I’ve never been comfortable in my own skin. As a child, I was stuck hiding behind glasses, relying on Barbie for moral support, and using humor as a crutch in difficult situations. As a 33 year old, not much has changed. I was lucky enough to get Lasik surgery so the glasses disappeared, but I’m the same awkward person now that I was as an adolescent.
When we grow up, much of our self-worth is calculated by others around us. We lean on our parents to give us guidance and keep us informed of how much we are loved. Our siblings are our first friends. They teach us how to unconditionally love, even if they stole our toys or got away with so much more because they were older. They were always there. As we grow up, our friends get added to that support system. It’s their job to constructively criticize us, from our actions, to relationship opinions, to advise that we really shouldn’t substitute Payless shoes for the real thing, but will love us anyways, even if we do.
Without family and friends around, it’s hard to garner self-love. Having self-esteem isn’t innate. You’re not born with it. The circumstances around you determine how confident you are as a person.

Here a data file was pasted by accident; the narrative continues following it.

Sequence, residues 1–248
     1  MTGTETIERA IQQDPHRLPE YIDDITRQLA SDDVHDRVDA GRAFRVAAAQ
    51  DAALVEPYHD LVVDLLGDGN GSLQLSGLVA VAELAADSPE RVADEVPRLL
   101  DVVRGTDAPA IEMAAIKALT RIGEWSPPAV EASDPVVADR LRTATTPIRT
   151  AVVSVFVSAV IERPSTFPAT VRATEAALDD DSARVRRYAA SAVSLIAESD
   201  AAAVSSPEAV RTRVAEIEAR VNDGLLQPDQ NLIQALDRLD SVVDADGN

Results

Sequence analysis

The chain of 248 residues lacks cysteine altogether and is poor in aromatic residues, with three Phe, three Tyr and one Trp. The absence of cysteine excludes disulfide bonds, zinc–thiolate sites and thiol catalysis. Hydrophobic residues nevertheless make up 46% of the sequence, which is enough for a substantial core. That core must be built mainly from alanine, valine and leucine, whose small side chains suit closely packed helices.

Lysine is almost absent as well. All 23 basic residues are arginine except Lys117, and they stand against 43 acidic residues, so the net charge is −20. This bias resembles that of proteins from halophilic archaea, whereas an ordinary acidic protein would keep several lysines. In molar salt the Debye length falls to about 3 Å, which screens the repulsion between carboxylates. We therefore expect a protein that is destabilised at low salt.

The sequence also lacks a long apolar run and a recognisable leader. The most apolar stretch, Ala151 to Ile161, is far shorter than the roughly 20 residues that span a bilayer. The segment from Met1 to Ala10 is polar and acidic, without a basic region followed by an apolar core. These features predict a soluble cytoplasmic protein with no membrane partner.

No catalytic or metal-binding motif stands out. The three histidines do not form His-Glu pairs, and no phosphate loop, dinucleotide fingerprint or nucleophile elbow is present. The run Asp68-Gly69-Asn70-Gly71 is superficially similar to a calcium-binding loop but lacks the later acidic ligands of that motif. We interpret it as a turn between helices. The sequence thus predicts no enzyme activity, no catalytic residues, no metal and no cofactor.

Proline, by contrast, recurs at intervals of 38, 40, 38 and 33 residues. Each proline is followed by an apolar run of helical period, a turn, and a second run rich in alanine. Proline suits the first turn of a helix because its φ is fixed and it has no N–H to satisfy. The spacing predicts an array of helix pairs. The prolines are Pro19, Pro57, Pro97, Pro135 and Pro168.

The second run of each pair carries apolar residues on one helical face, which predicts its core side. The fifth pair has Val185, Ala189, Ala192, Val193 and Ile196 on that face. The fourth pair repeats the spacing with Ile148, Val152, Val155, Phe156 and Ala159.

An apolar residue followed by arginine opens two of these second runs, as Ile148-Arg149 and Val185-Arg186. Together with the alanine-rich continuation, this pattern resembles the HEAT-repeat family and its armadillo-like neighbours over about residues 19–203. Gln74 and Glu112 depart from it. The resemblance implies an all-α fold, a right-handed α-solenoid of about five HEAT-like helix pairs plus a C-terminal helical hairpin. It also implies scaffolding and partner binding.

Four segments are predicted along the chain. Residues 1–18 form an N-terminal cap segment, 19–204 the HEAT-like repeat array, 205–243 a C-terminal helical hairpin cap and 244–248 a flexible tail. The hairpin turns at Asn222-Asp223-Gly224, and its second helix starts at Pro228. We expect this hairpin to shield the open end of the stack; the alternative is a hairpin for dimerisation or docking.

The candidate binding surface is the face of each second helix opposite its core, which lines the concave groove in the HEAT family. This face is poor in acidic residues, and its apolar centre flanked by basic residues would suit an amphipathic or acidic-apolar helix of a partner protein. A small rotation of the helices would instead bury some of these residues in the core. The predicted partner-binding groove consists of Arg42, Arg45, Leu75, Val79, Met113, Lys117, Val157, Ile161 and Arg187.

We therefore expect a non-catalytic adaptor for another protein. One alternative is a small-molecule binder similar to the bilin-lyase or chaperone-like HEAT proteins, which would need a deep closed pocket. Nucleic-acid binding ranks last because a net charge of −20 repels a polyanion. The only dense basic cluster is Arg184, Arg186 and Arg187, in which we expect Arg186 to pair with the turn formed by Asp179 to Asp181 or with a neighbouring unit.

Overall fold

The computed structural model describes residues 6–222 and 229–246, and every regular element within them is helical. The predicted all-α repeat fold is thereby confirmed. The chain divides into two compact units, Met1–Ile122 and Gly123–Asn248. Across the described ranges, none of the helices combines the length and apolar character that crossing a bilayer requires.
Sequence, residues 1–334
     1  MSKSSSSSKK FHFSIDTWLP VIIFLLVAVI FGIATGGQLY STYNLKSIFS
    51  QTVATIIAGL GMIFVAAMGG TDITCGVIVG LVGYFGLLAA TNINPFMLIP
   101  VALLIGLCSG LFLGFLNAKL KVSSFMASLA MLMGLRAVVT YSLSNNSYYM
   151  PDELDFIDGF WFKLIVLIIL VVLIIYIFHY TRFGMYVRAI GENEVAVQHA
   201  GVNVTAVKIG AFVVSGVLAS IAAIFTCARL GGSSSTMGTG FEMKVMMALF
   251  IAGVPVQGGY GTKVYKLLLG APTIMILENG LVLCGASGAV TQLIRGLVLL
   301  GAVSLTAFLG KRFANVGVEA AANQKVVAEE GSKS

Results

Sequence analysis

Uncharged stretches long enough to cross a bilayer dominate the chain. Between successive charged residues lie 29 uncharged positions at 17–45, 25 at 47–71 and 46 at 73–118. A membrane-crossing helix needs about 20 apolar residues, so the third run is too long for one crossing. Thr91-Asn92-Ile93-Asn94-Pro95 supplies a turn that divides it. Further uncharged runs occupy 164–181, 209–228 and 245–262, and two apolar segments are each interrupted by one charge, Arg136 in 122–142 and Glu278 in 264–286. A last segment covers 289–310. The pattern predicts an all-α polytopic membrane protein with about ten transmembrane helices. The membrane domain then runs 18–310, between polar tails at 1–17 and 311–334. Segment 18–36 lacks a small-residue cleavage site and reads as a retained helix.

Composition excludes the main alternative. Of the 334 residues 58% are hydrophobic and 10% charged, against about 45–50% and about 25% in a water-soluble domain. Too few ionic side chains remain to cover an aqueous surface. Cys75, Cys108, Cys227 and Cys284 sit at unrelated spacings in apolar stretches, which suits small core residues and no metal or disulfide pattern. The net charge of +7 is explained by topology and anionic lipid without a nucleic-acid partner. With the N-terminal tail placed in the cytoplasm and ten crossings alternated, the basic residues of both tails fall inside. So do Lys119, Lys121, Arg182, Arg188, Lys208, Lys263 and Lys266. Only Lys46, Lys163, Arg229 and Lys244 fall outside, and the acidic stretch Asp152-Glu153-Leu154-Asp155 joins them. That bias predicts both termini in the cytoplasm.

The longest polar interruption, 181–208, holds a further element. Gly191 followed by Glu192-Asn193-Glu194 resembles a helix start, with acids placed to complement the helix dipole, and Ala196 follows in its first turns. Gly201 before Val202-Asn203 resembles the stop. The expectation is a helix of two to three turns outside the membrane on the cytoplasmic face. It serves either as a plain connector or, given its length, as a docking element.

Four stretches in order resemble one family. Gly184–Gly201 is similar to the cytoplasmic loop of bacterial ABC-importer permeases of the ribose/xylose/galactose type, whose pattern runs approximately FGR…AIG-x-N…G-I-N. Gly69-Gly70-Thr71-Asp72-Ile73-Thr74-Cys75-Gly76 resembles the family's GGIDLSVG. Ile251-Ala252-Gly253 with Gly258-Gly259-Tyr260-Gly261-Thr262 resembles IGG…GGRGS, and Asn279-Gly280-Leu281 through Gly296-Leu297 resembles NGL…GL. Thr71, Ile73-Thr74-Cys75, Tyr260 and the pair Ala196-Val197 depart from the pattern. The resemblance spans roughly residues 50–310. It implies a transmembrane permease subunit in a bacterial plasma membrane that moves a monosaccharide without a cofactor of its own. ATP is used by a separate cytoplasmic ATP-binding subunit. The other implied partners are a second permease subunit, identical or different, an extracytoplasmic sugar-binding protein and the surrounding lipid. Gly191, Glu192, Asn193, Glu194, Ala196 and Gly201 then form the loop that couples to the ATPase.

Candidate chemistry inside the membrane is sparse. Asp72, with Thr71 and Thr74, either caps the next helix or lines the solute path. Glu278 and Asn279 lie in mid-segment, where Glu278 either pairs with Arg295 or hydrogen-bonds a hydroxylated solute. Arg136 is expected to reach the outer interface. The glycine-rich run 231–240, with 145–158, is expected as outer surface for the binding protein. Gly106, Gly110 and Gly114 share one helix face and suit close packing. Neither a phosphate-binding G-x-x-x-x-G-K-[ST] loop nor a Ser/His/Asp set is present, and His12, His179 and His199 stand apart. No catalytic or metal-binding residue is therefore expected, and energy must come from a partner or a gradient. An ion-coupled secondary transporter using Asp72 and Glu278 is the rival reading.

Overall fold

Every action is a direct result of every other action that preceded it. If you don’t know where you’re coming from, how do you really know where you are going? It’s important to look back on all of the experiences that have shaped us. I don’t know why I have low self-esteem. I know I put up with a lot, and sometimes question my self-worth because of how I am treated. I apologize for things that are not my fault. And I value myself based on the opinions of others. This isn’t healthy. But every day is a battle and I am a warrior. I look back at the wars I have fought internally and externally. I’m not always proud of the outcome but I think having a critical rearview eye helps.
These days I’m trying to find my footing and surround myself with people who want the best for me. It’s not always easy. Standing my ground hasn’t always been my strong point, but I find it’s getting easier with age. I have less time for situations where I am not appreciated, cherished or, at the very least, simply respected.